Joel Tenenbaum today filed three brief motions:
1) Motion to Waive Witness Fees, or in the Alternative, for the Court to Call Witnesses Pursuant to Fed. R. Evid. 614(a). Tenenbaum indicates that he intends to call as trial witnesses RIAA President Cary Sherman and EVP of Government and Industry Affairs Mitch Glazier to testify on fair use and damages, and that he would like the court to waive the witness fees he would normally owe under FRCP 45 and 28 USC § 1821. But Tenenbaum has a more fundamental problem than alleged inability to pay witness fees, namely that Sherman and Glazer live in the Washington, DC area and are thus not subject to a subpoena issued from the District of Massachusetts. See FRCP 45(b)(2). I simply don't see how Tenenbaum can compel Sherman or Glazer to come to Boston, whether or not he pays their expenses. (I don't believe FRE 614 gives the court such authority either.) Normally in such circumstances a party could use the distant witnesses' deposition at trial. See FRCP 32(a)(4). But one big problem: Tenenbaum deposed neither Sherman nor Glazer (nor anyone else). I think Tenenbaum is simply out of luck with regard to these two witnesses. (Thanks to this anonymous commenter for flagging this issue.)
2) Motion in Limine re: Access to Internet during trial. Tenenbaum asks for an"order permitting the parties to access the Internet, through whatever means the Court may have available, such that witnesses may demonstrate the Internet related activities at issue in this case," specifically "how ... programs, such as Kazaa and Limewire, actually work; and how alternatives to p2p networks, such as iTunes, work." Most modern courtrooms do have web access, and judges permit such demonstrations. The issue is what the litigants actually seek to demonstrate. For example, I'm skeptical of the relevance of iTunes here. (This motion does not appear to be related to Tenenbaum's efforts to have the trial webcast to the public.)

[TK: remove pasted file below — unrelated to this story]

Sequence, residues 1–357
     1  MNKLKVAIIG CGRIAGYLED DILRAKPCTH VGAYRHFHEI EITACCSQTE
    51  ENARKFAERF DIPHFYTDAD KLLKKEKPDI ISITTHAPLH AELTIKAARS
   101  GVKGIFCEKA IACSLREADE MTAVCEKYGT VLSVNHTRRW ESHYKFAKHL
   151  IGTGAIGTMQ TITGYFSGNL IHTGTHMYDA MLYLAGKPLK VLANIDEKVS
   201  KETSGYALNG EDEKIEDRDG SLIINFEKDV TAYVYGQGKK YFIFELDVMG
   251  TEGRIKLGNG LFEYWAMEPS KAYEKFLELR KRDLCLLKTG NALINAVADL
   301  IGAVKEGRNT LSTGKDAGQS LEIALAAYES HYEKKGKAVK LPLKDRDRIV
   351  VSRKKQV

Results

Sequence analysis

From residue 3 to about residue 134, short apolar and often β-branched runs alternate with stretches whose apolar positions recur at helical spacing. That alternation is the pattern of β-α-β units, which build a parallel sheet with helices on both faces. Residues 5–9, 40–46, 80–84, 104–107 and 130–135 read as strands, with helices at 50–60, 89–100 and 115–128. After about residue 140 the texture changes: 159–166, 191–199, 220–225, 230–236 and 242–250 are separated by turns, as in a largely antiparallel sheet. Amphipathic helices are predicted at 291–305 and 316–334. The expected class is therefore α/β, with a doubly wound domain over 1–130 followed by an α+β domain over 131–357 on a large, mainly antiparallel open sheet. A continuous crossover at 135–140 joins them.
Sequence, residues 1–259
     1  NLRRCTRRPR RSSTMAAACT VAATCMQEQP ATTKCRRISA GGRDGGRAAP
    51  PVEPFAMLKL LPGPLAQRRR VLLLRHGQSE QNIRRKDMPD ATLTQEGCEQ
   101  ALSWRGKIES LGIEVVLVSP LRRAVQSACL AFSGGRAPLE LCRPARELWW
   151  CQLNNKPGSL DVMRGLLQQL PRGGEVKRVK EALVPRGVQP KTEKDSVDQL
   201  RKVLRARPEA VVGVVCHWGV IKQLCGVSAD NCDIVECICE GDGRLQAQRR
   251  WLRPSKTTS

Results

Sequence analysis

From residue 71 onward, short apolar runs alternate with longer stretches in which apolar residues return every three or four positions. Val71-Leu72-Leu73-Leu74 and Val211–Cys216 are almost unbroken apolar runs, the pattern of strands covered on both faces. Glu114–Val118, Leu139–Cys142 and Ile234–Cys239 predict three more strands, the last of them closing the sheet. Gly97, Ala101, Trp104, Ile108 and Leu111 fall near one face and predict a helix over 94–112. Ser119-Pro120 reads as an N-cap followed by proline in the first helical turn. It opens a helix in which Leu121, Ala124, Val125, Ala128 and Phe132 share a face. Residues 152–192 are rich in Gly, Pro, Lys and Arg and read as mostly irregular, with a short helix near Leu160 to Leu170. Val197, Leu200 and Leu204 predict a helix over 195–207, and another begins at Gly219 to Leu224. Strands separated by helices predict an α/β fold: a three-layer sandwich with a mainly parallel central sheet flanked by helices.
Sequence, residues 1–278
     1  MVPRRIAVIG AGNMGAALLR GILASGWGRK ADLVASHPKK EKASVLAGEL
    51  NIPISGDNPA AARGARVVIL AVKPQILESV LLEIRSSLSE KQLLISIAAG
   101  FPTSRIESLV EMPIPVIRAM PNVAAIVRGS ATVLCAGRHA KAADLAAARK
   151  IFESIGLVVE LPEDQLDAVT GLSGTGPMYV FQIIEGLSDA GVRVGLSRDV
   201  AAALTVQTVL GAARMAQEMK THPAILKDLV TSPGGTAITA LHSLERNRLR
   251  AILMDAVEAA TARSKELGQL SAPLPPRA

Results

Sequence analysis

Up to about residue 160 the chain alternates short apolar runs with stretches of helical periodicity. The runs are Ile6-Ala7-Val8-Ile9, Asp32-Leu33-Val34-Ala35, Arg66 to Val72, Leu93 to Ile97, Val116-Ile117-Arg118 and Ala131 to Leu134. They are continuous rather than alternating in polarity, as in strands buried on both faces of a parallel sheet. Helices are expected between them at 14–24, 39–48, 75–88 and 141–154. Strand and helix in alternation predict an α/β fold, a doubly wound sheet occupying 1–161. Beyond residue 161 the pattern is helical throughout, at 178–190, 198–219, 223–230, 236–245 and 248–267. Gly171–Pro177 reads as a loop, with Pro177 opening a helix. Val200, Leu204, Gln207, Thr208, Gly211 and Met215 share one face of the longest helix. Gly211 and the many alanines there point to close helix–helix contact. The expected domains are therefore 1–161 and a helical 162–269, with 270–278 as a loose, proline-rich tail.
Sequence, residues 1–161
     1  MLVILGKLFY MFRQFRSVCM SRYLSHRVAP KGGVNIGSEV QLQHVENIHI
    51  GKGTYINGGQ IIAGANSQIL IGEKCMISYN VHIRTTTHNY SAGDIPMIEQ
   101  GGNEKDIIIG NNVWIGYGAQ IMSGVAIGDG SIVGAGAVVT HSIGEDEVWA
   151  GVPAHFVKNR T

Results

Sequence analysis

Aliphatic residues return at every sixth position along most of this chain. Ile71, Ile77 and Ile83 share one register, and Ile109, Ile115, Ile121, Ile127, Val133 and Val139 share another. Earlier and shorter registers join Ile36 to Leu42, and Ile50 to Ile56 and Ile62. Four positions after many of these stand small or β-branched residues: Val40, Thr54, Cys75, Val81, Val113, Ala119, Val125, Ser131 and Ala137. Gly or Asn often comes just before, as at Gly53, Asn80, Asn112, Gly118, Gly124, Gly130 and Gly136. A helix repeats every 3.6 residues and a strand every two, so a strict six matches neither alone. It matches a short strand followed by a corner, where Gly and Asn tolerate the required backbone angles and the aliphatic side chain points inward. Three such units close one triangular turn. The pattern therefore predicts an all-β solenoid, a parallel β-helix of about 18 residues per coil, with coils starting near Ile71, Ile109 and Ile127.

3) Motion for Lawyer-Conducted Voir Dire. Tenenbaum asks that lawyers be permitted to question potential jurors because "parties to a case are in the best position to determine what jurors may be subject to a challenge for cause, based on their knowledge of the case." Different judges have different practices on this issue, and I do not know Judge Gertner's. The practice is clearly permitted under FRCP 47(a). At the recent Jammie Thomas-Rasset trial in Minnesota, Judge Michael Davis did permit the attorneys to question potential jurors; the whole voir dire process went very smoothly and lasted only about an hour.